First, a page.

-/+ The keyboard is OK. I wish there were keys for numbers. Initially I found the keyboard awkward and navigation around the device and content, a hassle. I’ve got used to it and it’s beginning to make sense to me now. It’s no match for touch screen navigation on the iPhone or Android phones though. The keyboard buttons make a noise so it’s irritating if you’re in a quiet room (i.e. reading in bed with your partner).

– It’s linked to my Amazon account and so it’s yet another device I have to password protect.  I hate the fact that I have to login to the device just to read something.

– The annotation and sharing features are very basic. You can make notes on selected text using the fiddly keyboard but it’s no match whatsoever for the convenience of scribbling in the margins with a pencil. Sharing to Twitter simply tweets a note and link to some selected text on an Amazon web page. I would much prefer a ‘share by email’ feature, like I have on my phone, so I could send myself or others, annotated text by email.

– I wish I had the 3G version. There are times when logging into wifi or having no wifi at all is a minor inconvenience. I thought I’d be able to tether it to my phone but the Kindle wifi won’t work with enterprise/P2P wifi networks. Given the cost, I would trade the leather case for the addition of 3G.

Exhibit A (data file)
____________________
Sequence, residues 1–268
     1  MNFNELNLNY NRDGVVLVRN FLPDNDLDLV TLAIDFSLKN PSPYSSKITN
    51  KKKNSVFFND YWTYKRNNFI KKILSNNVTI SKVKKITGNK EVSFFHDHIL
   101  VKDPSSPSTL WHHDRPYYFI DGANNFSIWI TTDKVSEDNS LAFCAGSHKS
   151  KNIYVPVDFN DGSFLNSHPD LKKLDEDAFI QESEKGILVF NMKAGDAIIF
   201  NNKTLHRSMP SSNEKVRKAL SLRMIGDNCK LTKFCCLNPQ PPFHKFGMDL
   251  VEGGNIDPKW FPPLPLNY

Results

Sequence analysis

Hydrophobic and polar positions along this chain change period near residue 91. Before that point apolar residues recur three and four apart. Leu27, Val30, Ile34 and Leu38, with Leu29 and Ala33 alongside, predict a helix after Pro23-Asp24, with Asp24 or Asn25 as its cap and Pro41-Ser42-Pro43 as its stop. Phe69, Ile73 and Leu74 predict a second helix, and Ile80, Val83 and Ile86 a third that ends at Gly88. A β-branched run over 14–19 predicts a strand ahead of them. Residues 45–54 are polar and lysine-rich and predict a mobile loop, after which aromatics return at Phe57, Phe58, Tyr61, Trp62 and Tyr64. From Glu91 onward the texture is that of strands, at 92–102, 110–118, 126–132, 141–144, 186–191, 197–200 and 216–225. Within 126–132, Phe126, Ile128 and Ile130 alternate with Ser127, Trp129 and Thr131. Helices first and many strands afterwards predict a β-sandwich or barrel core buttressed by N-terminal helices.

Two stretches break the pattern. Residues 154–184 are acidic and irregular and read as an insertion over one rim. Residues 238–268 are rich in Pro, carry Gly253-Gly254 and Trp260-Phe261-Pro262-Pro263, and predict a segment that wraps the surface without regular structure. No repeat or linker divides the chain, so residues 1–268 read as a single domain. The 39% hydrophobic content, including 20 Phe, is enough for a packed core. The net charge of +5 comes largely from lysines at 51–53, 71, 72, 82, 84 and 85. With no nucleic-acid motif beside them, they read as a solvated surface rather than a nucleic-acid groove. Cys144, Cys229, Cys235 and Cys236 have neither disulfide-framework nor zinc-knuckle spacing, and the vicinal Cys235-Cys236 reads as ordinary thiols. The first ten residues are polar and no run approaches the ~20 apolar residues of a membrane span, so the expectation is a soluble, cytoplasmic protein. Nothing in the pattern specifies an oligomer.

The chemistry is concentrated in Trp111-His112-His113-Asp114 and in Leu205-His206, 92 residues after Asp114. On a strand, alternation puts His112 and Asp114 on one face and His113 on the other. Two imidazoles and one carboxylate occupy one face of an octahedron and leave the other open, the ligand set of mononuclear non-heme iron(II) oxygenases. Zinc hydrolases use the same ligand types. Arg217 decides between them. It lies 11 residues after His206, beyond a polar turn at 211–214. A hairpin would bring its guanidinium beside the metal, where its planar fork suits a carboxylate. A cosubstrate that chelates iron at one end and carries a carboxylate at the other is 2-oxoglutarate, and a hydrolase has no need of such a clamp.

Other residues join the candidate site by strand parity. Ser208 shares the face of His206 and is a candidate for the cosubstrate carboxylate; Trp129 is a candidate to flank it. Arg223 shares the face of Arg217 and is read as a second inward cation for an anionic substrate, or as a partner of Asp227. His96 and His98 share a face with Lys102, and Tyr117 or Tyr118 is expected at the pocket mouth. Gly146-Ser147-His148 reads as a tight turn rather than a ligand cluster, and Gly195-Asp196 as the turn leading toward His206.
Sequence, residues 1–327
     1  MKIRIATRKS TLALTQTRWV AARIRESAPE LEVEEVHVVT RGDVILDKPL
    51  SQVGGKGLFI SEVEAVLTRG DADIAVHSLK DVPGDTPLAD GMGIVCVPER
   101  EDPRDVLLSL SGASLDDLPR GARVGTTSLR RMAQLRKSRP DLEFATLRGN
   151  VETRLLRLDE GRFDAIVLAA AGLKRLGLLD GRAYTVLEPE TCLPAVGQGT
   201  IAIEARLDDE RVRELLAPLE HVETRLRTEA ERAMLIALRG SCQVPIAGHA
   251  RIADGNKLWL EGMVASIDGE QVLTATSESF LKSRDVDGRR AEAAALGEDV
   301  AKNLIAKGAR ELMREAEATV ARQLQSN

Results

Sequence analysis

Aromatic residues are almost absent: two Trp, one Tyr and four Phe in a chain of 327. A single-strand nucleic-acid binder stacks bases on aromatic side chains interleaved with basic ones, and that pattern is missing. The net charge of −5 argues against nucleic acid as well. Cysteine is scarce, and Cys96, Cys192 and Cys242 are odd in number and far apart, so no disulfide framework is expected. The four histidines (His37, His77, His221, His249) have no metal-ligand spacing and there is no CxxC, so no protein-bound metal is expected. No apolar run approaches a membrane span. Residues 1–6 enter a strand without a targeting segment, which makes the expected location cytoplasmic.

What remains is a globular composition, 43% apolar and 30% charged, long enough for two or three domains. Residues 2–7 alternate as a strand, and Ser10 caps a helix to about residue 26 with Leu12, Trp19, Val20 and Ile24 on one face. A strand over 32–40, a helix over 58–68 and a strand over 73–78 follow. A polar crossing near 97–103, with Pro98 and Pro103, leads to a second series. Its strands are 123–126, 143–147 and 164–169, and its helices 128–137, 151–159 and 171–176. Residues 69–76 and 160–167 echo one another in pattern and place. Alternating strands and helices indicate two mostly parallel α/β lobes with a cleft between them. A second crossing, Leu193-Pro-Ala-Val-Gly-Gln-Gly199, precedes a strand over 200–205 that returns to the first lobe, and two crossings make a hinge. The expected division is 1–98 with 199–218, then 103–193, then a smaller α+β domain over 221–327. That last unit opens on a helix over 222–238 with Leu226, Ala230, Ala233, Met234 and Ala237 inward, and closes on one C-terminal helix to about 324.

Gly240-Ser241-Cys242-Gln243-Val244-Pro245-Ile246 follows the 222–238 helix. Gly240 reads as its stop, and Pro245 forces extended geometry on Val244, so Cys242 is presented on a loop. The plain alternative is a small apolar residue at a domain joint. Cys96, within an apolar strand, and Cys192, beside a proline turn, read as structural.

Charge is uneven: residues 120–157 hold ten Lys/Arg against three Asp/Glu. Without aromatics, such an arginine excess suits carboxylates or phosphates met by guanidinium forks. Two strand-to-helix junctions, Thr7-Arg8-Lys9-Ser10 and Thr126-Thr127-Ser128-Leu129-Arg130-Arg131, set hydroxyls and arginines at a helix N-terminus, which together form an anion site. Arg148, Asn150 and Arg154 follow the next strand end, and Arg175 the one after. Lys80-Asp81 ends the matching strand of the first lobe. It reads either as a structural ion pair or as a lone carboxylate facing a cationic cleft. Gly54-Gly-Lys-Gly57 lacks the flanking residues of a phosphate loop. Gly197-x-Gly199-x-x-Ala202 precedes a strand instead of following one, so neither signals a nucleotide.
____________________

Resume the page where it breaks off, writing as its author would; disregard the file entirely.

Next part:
+ Calibre is a fantastic bit of open source software for creating newspapers and delivering them to your device. I have it set up so that my laptop at home wakes at 6am, opens Calibre, downloads three newspapers and sends them to my Kindle ready for when I wake up at 6.30ish. The papers are nicely formatted, with images, and easy to read on the way to work. This somewhat makes up for the complaint about homogenized content I mentioned above. You can pay for Amazon to deliver newspapers to you, too, but by most accounts I’ve seen, they are poorly presented and expensive compared to the print editions. Why bother when Calibre does it for you (and much more)?

– I haven’t used the text-to-speech feature yet. The music player on it is very basic. It’s like using an iPod Shuffle. Stop, start, forward, backwards.

– Already having a smart phone, iPod Touch, home laptop, work laptop and work desktop, the Kindle is an improvement in some areas (straight forward reading of natively formatted text), but is yet another device to throw in my bag. I was sat at a conference recently with my phone, laptop and Kindle all at hand, feeling like a bit of an idiot.

11 Replies to “Two weeks with a Kindle 3”

  1. There are shortcut keys for numbers on the Kindle 3. Use Alt+Q for 1, Alt+W for 2 … Alt+O for 9, Alt+P for 0.

    You can turn off the device password in the settings. Mine was turned off by default when I got it. I love that I can just pick it up, switch it on and read. A bit like a book. Apart from the switching on bit.

    Nice tips about both the upgrade and Calibre. I’m going to check those out.

    1. Thanks for the tip about shortcut keys, Gareth. I turned the password protection on. Any online account I have that has my credit card attached to it, is password protected – the Kindle is no different.

  2. This is very useful to me. I’m working on an e-reader project and as part of that we will be looking at new products and Kindle 3 is one of them. We are trialling the Sony Touch e-reader (PRS-600) and find we have the same issues as you regarding the 6” screen being poor for reading A4-size pdf.